Ontario Freemasonry and Its Global Dimension
The Grand Lodge of Ancient, Free and Accepted Masons of Canada in the Province of Ontario was instituted on October 10, 1855 in Hamilton, Canada West.
Our title reflects our centuries-old heritage. The expression Ancient Free originated in England during the Middle Ages, when craftsmen were very skilled and indispensable to Church and State. They were not restricted in their movements and were “free” to do their work, travel and live their lives in a manner befitting their importance. In this period this freedom was very rare. Our legendary history carries this freedom from the “Operative Mason” back to 946, in York, in England. Accepted Mason also originated in England in the Middle Ages, when some men wanted to become Freemasons to obtain the advantages the craft had to offer. Not all wanted to build buildings but were recognized for other skills and accepted. As such they became known as “Accepted Masons” rather than “operative” or “ancient free” Masons. Over time there became more “Accepted” members as the building trades became more widely known. The words “of Canada” are correct as this was the first Grand Lodge in the United Province of Canada which had been formed in 1841 and consisted of Canada West and Canada East. In 1867 it was separated into the provinces of Ontario and Quebec which, along with Nova Scotia and New Brunswick, confederated into the Dominion of Canada.
Today, Ontario’s Freemasons number about 42,000, organized into 541 Lodges grouped into 43 Districts, the whole forming Grand Lodge. Our Grand Master, Most Worshipful Brother John C. Green is a member of Conestogo Lodge No. 295, of Drayton. Active in municipal politics he served as Mayor, Warden of Wellington County and as a member of the Police Commission, Board of Health and the Advisory Committee on Rural Planning for the Province and the Board of the Association of Municipalities of Ontario. He was active in Kinsmen and served as National President of the Kinsmen. He has served on the Hospital Board for over 40 years, and is active in a number of other local and regional activities. He was made a Paul Harris Member from Rotary.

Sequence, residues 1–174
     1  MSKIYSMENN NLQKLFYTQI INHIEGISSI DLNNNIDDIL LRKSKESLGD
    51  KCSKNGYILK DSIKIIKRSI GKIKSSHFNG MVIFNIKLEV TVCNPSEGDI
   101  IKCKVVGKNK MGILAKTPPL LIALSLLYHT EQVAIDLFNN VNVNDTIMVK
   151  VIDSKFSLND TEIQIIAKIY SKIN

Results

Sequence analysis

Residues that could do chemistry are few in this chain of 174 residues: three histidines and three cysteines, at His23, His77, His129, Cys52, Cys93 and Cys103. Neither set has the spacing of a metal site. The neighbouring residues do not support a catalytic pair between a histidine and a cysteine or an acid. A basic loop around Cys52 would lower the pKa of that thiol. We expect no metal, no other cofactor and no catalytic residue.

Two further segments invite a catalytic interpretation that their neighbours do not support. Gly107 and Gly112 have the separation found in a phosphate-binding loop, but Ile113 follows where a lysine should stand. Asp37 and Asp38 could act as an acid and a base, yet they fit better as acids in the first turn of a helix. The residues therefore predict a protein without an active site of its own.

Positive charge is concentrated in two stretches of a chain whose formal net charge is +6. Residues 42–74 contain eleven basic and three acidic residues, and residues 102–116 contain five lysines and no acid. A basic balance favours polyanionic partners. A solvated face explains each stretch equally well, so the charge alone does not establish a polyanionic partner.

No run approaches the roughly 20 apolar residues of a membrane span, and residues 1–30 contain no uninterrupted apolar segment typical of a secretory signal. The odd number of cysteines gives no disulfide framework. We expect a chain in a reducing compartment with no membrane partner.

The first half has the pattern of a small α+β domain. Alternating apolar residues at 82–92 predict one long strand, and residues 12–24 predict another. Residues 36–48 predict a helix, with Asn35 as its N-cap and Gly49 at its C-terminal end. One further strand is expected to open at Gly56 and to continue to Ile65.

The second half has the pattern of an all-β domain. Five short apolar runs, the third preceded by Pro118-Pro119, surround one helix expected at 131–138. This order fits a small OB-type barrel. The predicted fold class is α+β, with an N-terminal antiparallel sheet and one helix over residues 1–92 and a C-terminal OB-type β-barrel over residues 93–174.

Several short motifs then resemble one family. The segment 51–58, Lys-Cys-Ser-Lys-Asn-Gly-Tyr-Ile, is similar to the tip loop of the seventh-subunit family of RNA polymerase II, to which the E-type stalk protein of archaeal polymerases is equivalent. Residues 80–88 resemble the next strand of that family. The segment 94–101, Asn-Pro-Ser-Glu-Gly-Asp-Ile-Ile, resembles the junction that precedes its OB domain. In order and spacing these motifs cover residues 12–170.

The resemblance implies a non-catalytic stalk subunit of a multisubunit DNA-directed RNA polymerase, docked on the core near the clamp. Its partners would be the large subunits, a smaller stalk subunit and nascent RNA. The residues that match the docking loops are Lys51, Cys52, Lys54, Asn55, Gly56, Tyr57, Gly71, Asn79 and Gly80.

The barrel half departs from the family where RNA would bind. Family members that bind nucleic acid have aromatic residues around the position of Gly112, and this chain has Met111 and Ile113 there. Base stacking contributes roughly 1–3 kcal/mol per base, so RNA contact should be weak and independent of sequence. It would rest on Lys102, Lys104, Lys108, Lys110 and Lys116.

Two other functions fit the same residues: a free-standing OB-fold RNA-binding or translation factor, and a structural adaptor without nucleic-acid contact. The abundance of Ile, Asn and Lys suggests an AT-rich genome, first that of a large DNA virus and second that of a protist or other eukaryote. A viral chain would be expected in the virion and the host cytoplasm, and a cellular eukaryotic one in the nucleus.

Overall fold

Ontario’s Grand Lodge building is located at 363 King Street West, Hamilton. Somewhere in your village, town or city may be a masonic temple, publicly named as such and which can be found in a telephone directory, or through virtually every electronic search engine. There is a belief that the institution is secret which is not true today and there are occasions when our lodges hold open houses and engage in dialogue with the pubic. There are also the many public charities openly supported by freemasons. What is true is that our meetings are usually private.
Dating from a historical period when few people could read and write, when men dominated societies and when membership in Freemasonry in some areas of the world could mean death, the institution has evolved with social changes. Today the “family of freemasonry” includes women’s components (Eastern Star, Daughters of the Nile), components for young girls (Rainbow Girls and Job’s Daughters) and boys (DeMolay). Over three centuries the men’s component has expanded to include many concordant and appendant bodies, for example, Royal Arch and Knights Templary, Ancient and Accepted Scottish Rite and the Shrine (Ancient Arabic Order Nobles of the Mystic Shrine) some with particular ladies groups linked with them.
Our Grand Lodge is in amity (friendly relations) with many other Grand Lodges. Some of them cover a single country, such as the Grand Lodge of Norway, or they may have districts and lodges in countries around the world (England, Ireland, Scotland). Others operate like Canada with independent Grand Lodges in their provinces or states (such as the USA, Brazil and Australia). Some organizations call themselves Masonic and are not recognized by our Grand Lodge and inter-visitation is not permitted. Before our members attend a lodge outside our Grand Jurisdiction they normally consult a listing of recognized Grand Lodges and may also carry a letter of introduction from the Secretary of their Lodge.
As prepared by Michael Jenkyns, Grand Historian, Grand Lodge A.F. & A.M. of Canada in the Province of Ontario
April 27, 2016 (Rev 2 December 11, 2016)